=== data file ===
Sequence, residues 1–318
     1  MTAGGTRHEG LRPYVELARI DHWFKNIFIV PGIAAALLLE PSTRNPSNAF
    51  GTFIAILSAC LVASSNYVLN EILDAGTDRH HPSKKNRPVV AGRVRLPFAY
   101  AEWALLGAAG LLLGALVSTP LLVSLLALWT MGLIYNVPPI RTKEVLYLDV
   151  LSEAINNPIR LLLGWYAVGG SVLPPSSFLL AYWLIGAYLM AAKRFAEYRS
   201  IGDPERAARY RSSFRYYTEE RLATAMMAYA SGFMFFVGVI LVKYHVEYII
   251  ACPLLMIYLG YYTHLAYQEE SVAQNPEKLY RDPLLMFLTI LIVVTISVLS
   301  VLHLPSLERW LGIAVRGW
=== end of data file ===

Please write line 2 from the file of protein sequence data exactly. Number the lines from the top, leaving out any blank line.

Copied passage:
     1  MTAGGTRHEG LRPYVELARI DHWFKNIFIV PGIAAALLLE PSTRNPSNAF